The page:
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Sport Comment: Courting controversy: Sorry Margaret, it's your own fault

05:35  07 november  2019
05:35  07 november  2019 Source:   theage.com.au

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a man standing in front of a crowd: Margaret Court has become a controversial figure in world tennis.© Vince Caligiuri Margaret Court has become a controversial figure in world tennis.

Margaret Court is yesterday’s hero. She was once a mighty athlete, the best tennis player in the world. Her record is more impressive than anyone who has ever picked up a racquet. Nobody has won more Grand Slam singles titles than Court’s 24. She also won 19 doubles and 21 mixed doubles Grand Slam titles.

Why then, is there any doubting Tennis Australia will celebrate the 50th anniversary of her grand slam year? After all, they celebrated Rod Laver for the same achievement with gusto earlier this year.

Court expects Tennis Australia to roll out the red carpet for her, just as they did for Rocket Rod. Said Court: “They brought Rod in from America. If they think I’m just going to turn up, I don’t think that is right. I think I should be invited. I would hope they would pay my way to come like they paid for his, and honour me. If they are not going to do that, I don’t really want to come.”

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It is a great shame that Court is such a polarising figure. She should be revered in Australia. People of all generations should know and honour her for her illustrious career and mighty feats on the tennis court.

But the reality is far different. The reality is that people too young to remember the 77-year-old in action don’t know of her tennis triumphs. Nor, it seems, do they care.

They know her for her controversial comments regarding gay marriage and homosexuality. Court has railed against same sex marriage, stated that “tennis is full of lesbians” and openly condemned those who disagree with her strong views.

Court appears bemused by the fuss she’s caused, claiming that her life views should not impact the way her tennis career is perceived and celebrated.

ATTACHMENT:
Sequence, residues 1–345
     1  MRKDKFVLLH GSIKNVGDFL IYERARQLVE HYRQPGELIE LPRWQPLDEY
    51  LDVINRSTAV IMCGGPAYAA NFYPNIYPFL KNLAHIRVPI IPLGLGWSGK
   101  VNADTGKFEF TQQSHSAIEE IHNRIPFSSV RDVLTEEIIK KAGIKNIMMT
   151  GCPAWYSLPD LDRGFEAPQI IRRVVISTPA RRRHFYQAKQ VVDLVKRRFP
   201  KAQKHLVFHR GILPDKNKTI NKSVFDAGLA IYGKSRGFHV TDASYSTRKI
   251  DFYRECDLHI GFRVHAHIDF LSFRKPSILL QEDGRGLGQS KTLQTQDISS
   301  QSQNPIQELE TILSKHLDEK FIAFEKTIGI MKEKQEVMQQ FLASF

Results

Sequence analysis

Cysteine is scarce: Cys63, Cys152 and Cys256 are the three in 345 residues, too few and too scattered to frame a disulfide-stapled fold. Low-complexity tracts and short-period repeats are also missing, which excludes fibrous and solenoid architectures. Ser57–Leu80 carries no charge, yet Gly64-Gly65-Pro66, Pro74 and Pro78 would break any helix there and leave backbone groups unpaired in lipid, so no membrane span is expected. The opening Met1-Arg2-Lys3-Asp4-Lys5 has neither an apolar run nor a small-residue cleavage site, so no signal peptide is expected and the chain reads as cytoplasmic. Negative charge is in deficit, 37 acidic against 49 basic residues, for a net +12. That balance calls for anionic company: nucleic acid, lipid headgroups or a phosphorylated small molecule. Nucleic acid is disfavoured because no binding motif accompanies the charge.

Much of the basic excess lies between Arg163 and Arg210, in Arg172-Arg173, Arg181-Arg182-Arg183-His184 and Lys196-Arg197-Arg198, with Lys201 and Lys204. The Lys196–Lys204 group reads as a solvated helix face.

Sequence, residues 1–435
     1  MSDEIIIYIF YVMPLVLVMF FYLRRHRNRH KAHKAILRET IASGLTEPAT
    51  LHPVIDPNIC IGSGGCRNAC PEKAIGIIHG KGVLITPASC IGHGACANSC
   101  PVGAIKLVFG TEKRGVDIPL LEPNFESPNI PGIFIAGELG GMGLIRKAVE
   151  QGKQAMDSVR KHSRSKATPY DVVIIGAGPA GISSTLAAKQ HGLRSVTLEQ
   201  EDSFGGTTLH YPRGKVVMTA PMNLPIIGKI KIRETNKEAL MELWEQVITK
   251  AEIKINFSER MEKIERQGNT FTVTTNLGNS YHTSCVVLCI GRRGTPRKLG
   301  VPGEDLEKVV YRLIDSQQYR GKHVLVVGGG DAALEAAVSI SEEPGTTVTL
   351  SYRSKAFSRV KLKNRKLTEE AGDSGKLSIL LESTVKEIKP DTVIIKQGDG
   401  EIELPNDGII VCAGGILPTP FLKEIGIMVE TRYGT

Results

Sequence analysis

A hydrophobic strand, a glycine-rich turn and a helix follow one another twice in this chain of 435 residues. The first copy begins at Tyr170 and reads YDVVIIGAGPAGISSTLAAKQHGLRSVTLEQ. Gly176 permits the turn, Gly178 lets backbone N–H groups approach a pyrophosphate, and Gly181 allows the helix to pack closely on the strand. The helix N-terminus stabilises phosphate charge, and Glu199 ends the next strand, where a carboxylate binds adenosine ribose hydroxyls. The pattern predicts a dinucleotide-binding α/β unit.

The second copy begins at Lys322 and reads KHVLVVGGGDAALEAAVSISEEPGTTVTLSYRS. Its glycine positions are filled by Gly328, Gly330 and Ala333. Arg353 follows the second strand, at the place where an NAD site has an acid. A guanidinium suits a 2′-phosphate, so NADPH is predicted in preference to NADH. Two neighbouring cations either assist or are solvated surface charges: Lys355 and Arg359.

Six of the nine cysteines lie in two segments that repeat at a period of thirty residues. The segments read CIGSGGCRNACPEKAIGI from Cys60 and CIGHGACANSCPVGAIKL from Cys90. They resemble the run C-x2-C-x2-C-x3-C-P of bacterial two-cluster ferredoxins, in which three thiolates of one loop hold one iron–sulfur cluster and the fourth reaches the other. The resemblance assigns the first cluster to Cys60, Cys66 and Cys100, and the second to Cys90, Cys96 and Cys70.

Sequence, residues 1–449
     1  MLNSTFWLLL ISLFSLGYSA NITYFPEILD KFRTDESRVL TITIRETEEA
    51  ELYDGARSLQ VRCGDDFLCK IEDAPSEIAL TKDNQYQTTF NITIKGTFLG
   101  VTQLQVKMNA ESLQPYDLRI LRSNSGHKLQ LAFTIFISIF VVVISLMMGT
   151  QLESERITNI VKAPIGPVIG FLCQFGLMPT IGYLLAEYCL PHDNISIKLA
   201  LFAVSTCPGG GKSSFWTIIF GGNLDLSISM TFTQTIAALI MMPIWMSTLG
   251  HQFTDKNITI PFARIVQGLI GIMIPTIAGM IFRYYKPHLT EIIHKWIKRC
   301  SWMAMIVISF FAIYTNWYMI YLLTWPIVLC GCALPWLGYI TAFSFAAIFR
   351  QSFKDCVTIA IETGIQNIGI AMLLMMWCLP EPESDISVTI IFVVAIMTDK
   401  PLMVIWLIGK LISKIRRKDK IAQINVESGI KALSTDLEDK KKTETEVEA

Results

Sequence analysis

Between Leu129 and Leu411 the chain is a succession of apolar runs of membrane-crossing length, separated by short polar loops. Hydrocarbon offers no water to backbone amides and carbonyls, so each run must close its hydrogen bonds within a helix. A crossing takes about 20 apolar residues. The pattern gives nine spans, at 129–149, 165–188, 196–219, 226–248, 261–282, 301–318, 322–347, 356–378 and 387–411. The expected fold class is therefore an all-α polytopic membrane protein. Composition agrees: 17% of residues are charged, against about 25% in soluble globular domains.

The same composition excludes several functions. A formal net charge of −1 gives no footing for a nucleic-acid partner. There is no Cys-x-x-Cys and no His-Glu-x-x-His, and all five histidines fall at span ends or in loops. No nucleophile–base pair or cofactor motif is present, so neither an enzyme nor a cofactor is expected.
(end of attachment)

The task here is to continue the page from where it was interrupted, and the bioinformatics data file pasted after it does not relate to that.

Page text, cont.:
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But surely Court knows that’s not the way things work in the real world. Sporting heroes are defined through the values that characterise society at the time. Those who we worship are the ones who best uphold the characteristics and principles we value most.  But just as society changes, so too do our heroes. Regardless of how much an athlete might think of themselves, they don’t get to decide whether they’re liked or not, or even whether they’re respected of not – the public do.

This is where Court has lost her lustre. Many believe her views belong back in the dark ages. These people don’t share her values, nor do they see life through the same lens.

In expressing her views – which is her right – she’s fallen out of step with much of society, failing to remain relevant and, worse, falling out of the hearts and minds of many Australians. This might seem dreadfully unfair, but it’s always been the same. We’re far more likely to celebrate athletes – both past and present – if we can relate to them and believe that they represent our time, our era, our lifestyles and our values.

That’s not to say Court won’t be recognised by Tennis Australia at next year’s Australian Open, but even if she is, it will be a rather shallow celebration, for many people won’t be joining in. For them, she’s yesterday’s hero.

Sam Duncan is a lecturer in sports media and marketing.

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